Schools modelled on factories

Ken Robinson elegantly explains one answer in his TED Talk called, Changing Educational Paradigms. 

 He shows how our current system of education was modelled on the interests and in the image of industrialism. The result is that schools today are still organized along factory lines.  Examples of the factory influences that persist in school are ringing bells, grouping children into batches based on their “manufacturing date,” separating curriculum into separate subjects and standardized testing.  

Further, Robinson argues that the current educational system is also structured on an enlightenment view of the intelligence.  Knowledge of the classics and deductive reasoning were the primary marks of an intelligence in this period.  The educational system was built for compliance to this narrowly defined type of intelligence.  Consequently, the western world was split into two types of people, the academic and non-academic.  As it turned out, most people, who didn’t happen to be good at those few valued skills were ostracized by the system.   

Factory thinking persists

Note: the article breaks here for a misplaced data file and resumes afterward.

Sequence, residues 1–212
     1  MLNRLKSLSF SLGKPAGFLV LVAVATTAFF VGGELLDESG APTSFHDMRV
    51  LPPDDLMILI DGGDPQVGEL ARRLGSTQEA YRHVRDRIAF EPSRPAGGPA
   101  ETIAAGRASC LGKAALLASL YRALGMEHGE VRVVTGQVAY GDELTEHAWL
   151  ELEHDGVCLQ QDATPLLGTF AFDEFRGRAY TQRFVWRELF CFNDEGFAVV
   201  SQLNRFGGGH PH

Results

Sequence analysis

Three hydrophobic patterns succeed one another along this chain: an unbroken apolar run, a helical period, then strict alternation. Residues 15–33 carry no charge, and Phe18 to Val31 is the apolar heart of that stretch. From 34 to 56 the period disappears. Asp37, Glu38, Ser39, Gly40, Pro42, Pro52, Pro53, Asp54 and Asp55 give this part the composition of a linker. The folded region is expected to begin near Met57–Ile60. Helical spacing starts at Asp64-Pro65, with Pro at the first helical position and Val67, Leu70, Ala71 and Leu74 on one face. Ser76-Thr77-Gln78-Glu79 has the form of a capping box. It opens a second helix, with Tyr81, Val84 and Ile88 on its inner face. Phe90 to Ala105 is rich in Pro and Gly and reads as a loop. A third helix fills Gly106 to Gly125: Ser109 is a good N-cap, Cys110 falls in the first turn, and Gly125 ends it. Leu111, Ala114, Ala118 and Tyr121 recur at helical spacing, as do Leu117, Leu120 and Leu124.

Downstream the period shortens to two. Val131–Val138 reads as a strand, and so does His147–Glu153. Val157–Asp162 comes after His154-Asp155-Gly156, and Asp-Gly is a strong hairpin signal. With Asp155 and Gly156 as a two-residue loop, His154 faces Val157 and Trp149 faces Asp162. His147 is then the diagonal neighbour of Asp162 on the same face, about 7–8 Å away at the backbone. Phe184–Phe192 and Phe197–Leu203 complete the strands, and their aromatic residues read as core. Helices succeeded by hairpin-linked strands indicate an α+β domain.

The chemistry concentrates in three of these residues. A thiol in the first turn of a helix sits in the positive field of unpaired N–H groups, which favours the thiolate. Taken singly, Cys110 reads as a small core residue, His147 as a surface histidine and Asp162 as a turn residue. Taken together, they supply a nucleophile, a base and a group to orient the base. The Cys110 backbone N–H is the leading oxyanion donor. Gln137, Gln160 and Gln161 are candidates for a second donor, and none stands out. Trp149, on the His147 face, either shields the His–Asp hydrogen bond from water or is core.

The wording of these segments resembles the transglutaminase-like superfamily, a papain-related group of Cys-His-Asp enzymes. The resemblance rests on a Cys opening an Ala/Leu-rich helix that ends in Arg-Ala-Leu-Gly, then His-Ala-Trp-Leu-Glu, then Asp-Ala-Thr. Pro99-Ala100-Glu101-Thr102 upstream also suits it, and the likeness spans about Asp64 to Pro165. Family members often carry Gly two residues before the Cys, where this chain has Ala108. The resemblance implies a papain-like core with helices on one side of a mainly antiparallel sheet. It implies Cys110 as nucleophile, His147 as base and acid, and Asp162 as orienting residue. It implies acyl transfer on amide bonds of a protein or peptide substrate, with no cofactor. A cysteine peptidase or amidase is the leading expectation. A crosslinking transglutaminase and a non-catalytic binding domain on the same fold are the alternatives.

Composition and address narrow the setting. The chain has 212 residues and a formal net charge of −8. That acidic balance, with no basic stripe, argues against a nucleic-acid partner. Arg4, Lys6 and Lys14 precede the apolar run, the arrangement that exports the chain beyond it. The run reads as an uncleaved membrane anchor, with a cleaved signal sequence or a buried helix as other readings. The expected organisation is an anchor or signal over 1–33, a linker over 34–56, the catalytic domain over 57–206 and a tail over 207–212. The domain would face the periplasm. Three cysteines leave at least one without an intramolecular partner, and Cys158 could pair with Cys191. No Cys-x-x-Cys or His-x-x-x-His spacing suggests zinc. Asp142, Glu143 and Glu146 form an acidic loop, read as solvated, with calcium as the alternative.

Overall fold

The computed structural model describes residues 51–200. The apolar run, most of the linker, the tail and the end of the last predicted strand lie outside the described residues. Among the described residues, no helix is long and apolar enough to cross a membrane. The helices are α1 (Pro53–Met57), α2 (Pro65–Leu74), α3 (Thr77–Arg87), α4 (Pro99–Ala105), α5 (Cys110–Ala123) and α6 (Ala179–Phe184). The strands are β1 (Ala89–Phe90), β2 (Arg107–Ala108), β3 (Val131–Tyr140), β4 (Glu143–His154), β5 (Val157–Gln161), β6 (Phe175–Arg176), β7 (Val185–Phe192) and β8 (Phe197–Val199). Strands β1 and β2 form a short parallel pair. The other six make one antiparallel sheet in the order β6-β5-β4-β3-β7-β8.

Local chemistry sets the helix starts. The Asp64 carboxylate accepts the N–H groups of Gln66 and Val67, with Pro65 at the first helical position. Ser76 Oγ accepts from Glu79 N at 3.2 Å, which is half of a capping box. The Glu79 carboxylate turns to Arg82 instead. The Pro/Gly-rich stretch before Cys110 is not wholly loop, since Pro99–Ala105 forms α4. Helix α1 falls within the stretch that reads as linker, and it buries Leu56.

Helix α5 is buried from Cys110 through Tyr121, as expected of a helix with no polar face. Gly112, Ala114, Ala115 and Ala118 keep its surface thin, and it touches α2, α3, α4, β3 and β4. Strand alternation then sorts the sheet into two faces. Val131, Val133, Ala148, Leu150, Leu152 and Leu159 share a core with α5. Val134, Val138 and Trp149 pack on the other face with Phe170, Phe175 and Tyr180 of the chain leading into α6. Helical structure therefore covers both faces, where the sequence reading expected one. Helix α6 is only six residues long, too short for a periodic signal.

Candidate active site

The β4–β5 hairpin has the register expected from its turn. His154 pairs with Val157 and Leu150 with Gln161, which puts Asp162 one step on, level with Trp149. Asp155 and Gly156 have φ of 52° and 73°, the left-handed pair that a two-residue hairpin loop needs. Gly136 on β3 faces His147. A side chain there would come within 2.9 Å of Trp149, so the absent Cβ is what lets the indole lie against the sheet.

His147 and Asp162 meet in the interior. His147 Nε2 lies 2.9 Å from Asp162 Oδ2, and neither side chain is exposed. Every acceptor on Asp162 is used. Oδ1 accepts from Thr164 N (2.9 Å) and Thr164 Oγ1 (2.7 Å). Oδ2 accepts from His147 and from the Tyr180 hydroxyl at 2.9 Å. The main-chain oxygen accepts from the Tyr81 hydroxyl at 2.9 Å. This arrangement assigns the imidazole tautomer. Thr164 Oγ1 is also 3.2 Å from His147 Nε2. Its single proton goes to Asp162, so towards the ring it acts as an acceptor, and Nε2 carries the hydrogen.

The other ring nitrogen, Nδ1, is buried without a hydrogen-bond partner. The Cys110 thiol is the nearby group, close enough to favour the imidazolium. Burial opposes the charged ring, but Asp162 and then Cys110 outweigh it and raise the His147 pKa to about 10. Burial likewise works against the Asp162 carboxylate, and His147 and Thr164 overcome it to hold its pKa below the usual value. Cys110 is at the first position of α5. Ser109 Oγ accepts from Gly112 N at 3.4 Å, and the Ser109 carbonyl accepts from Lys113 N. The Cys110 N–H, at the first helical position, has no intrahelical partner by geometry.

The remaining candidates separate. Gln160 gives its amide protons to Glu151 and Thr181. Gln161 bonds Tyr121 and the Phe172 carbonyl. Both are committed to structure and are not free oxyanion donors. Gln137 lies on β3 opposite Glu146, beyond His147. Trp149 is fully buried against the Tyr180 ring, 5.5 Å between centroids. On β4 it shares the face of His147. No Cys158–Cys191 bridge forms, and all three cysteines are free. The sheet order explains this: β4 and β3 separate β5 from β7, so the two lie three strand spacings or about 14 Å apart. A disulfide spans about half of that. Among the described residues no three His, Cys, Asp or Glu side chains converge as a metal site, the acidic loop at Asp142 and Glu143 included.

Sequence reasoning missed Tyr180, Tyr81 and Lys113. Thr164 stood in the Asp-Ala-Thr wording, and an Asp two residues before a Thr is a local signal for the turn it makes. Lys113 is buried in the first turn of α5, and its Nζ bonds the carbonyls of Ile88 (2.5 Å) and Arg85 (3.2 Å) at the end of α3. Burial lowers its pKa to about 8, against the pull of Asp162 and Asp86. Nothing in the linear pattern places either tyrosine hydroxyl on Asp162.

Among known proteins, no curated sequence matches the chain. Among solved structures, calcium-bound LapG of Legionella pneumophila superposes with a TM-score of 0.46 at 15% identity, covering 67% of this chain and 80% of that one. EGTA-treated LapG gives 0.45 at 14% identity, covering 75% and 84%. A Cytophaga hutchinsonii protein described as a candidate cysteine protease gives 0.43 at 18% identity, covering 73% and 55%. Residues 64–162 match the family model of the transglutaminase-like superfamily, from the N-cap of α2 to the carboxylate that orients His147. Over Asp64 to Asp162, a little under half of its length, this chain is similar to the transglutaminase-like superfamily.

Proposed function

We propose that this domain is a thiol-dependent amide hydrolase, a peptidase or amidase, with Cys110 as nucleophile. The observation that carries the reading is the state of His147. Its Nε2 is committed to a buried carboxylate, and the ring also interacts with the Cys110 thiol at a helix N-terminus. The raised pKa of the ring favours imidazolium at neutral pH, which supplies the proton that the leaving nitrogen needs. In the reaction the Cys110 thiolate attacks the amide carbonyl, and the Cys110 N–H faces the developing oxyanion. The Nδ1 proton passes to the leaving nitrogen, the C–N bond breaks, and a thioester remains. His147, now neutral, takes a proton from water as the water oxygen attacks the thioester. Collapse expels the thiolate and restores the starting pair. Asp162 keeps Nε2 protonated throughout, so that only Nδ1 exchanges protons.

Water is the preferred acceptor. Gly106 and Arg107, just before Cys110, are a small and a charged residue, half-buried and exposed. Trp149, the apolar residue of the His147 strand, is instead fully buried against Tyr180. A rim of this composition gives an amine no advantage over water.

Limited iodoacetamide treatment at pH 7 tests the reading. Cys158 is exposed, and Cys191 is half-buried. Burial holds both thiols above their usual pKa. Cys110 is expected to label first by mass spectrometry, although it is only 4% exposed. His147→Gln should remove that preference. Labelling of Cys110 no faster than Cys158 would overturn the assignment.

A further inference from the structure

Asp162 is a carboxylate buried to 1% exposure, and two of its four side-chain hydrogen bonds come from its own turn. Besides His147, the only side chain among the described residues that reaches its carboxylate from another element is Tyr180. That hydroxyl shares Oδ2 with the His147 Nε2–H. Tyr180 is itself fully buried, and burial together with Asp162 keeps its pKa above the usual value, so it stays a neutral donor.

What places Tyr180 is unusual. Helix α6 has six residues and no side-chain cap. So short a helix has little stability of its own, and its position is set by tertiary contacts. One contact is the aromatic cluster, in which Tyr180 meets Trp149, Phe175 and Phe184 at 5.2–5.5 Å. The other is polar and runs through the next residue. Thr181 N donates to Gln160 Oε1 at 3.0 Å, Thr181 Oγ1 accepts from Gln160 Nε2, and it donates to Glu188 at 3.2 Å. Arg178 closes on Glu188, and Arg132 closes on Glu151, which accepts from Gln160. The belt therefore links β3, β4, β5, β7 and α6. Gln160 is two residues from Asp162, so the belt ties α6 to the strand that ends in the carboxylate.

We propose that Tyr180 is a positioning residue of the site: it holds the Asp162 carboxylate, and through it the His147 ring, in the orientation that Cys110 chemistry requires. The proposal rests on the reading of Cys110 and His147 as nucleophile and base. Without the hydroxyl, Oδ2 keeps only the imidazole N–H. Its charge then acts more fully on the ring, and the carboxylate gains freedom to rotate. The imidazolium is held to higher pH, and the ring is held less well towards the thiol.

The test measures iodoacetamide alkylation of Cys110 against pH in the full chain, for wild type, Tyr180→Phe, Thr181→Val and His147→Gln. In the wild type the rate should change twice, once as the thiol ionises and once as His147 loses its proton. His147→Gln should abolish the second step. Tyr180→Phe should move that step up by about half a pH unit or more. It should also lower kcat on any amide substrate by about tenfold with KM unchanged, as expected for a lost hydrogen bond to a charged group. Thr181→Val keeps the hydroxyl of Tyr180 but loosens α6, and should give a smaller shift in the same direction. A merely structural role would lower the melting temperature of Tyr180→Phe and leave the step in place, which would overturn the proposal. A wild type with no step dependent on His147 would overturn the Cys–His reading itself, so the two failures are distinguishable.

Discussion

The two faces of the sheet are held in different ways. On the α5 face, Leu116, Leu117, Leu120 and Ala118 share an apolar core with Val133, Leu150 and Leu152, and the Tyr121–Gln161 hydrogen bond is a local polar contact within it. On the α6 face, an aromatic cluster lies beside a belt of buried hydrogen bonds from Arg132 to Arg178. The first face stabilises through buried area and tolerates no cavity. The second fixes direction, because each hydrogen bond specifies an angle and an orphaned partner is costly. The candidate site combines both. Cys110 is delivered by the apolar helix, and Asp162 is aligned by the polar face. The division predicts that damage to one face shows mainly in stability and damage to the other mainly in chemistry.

Robinson’s explanation, of what I’ll call, factory education and intelligence, continue to be very deeply embedded in how we think about education.  I think it is one of the reasons that we minimized social and emotional learning (SEL) in our schools.  Examples of this are everywhere in my teaching experience.  Over the last few years, our Middle School has developed house teams across our school to build relationships between students from grades 6-8.  Every student, teacher and educational assistant in the school is divided into four houses team. Each is associated with a colour and an animal–almost like the house system in Harry Potter.  A couple of times throughout the year, we have full days of school that are dedicated to house activities.  These are jam-packed, fun days, full of activities that help students forge relationships with one another.  The response of the school community to this initiative was mixed. Some students fully embraced the day–turning up in the team colours–excited for a day of competition.  Others decided to stay home because we weren’t doing any “work” at school.  The message from the latter group of students seemed clear, building relationships with students wasn’t what school was for.  School was exclusively for “academics.”